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Ringer Reviews - The Hobbit: An Unexpected Journey

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Ringer Review - NAME

A. MythicWonder2

Date Posted: 2013-01-01
Tolkien Fan Level: 9
Film Format Seen? 2D 24 fps
Will view again in a different format? Yes


"Which is exactly what Jackson himself does by making the linkages between his two film-cycles absolutely unmistakable. And such linkages — such cyclical goings-on — are critical to understanding the only form of allegory J.R.R. Tolkien did intend to write, which is that purer form of allegory that confirms for us that all good stories contain within them the kernel of our self-knowing, and that it is the repetitive nature of such stories that makes our self-knowing easier to accommodate than would otherwise be the case.

"It would have been far easier for Peter Jackson to write and direct 'The Hobbit' artificially blind to the fact that he had already made its sequel; instead, the mercurial director generously reveals for us that the distance between a so-called children's tale ('The Hobbit') and a story of the world's near-ending and rebirth ('The Lord of the Rings') is not so great after all, and that whether one leaves one's chosen path for adventure or for duty, it is the courage to deviate in the first instance that charts one's course, not one's geopolitical circumstances.

"Critics who would have Jackson re-entrench the purported distinction between different tales and types of courage are not only not sympathetic to Tolkien's original cause — whatever their claims to the contrary — they are, far worse, diminishing the fantasy genre's primary contribution to our collective moral understanding. They are willfully cheapening, too, cinema's power to delight us with wonders even as it reminds us of old sorrows, old successes, and old glories. Peter Jackson's 'The Hobbit', being a film, is of course not a book J.R.R. Tolkien would — or did — write; it is, however, the film J.R.R. Tolkien would have made had his capacities as a filmmaker and his knowledge of the cinematic medium equaled his prowess as a novelist and his knowledge of the rhetoric of fiction. And it is this, finally, that we ask for from a movie director — that he be the Tolkien of his unique medium, by way of bringing to his preferred artform a rare glory already well-captured in another. We are wrongheaded when we insist, instead, that a film director or screenwriter diminish his medium or his medium-specific artistic vision by treating his source material as something other than a portable wonder.... We may be hopeful that, in the future, [Jackson will] get the credit for his discretion — and his creative vision — that he deserves."†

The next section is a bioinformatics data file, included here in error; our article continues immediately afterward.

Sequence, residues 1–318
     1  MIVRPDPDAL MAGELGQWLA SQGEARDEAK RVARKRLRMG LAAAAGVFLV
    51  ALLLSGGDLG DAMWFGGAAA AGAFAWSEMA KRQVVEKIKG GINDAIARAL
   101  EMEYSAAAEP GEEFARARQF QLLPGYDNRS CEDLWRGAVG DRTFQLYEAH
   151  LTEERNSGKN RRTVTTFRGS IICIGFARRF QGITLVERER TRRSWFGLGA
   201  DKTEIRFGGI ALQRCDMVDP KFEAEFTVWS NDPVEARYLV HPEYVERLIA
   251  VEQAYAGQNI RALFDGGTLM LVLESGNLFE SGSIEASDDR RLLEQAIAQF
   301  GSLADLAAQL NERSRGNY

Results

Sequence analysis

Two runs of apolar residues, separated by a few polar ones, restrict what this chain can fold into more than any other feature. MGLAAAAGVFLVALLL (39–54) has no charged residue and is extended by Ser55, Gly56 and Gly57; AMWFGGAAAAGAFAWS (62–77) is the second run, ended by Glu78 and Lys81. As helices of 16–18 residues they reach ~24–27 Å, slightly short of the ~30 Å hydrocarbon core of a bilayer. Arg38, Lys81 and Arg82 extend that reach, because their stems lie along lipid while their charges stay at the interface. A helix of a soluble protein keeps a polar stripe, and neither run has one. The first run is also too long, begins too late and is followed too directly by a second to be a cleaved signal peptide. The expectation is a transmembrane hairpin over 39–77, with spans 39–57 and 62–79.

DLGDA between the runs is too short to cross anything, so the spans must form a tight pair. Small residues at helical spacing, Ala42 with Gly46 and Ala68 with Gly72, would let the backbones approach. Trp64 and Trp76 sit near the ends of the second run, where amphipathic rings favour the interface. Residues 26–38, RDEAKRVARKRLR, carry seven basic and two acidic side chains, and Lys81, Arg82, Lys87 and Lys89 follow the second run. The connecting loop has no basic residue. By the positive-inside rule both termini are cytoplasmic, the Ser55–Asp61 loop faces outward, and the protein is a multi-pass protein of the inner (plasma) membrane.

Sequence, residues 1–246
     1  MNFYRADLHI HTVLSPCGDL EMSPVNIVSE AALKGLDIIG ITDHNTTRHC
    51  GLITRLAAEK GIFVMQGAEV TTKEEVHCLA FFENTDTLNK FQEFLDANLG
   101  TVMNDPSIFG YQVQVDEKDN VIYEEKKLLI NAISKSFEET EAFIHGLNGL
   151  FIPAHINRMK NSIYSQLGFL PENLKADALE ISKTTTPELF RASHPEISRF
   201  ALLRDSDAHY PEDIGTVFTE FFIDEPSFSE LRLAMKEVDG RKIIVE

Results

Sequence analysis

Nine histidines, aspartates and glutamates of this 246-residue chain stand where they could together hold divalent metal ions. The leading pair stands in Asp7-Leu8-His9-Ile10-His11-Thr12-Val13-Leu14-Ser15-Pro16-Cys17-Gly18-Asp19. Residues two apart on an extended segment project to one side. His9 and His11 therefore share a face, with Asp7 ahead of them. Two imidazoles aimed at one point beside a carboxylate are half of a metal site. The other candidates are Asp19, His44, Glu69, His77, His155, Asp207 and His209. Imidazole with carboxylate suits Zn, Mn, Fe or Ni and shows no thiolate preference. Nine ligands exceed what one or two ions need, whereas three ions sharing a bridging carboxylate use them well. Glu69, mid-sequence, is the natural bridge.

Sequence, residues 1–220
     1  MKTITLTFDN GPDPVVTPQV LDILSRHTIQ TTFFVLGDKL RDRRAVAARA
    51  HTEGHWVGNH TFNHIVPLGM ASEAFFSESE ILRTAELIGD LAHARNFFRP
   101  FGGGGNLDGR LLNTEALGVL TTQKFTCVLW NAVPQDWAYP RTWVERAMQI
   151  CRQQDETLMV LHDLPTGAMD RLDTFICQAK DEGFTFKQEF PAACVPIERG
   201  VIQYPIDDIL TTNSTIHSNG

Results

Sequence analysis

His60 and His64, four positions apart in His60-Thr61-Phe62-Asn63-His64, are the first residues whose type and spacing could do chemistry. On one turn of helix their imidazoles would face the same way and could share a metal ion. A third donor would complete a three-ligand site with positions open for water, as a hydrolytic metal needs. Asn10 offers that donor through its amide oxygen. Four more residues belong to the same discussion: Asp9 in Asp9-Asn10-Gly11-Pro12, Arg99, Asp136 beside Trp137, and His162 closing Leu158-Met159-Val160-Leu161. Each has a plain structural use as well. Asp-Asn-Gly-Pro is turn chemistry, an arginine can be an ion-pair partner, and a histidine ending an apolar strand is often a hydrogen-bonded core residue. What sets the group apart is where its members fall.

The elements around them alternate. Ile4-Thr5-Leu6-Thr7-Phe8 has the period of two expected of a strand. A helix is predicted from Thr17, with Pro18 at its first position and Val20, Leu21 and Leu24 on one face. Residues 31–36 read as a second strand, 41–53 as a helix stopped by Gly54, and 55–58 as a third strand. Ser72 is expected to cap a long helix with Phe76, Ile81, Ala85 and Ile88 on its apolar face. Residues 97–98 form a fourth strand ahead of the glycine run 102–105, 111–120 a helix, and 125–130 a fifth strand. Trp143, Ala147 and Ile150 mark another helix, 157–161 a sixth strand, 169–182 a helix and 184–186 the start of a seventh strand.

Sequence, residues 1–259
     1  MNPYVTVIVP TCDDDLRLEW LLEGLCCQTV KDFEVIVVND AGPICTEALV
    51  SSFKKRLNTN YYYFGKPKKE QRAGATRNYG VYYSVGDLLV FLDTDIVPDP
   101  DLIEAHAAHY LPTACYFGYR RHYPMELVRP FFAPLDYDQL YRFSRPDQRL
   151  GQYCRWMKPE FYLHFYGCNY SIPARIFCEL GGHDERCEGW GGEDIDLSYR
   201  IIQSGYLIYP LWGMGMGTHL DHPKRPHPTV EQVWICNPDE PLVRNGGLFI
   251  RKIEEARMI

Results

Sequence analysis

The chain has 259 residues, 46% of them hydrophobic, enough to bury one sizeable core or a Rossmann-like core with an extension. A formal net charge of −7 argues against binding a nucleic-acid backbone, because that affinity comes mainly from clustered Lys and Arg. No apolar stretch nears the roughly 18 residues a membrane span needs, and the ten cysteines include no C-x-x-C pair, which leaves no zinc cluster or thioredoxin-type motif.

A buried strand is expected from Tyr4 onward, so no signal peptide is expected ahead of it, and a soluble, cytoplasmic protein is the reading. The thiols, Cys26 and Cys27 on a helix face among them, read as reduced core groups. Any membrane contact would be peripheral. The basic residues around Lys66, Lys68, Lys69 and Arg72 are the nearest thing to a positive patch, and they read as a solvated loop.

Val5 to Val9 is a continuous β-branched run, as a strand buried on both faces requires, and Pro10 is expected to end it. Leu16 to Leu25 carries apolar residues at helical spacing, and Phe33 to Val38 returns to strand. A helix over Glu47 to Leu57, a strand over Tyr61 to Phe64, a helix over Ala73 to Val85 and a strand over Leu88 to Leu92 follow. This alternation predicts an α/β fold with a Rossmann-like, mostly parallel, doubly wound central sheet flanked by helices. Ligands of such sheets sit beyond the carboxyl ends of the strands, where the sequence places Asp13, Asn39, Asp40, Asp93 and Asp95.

Hope, after all, is what it's all about :)

†Excerpt from "Why Tolkien Would Be Proud: Peter Jackson's 'The Hobbit' Is a Better Book Adaptation (and Film) Than Any of the 'Lord of the Rings' Films", THE BLOG, 'The Huffington Post' 12/27/2012,

The Ratings
The Other Ratings
Martin Freeman 's performance as Bilbo Baggins?
Richard Armitage 's performance as Thorin?
The Overall representation of The Dwarves ?
Andy Serkis' performance as Gollum?
Ian McKellen's performance as Gandalf?
Bilbo's retelling of the history of Erebor and of Thror/Thrain/Thorin
The Eagles rescue sequence?
The Goblin King ?
Initial impression of Thranduil?
Hugo Weaving's performance as Elrond?
Radagast's portrayal in the movie?
The representation of Goblintown?
Cate Blanchett's performance as Galadriel?
The Bag End Supper scene?
The scene of the Trolls?
The representation of the Arkenstone?
The Stone Giants?
Escape from the Goblin cave?
Riddles in the Dark scene?
The return to Rivendell?
The attack on the party by the Wargs
The first glimpses of Smaug?
The ending of the movie; in regards to leading well into the next film, and serving as a good ending point.
The overall pace of the film
Peter Jackson's vision in bringing the Hobbit to the big screen.

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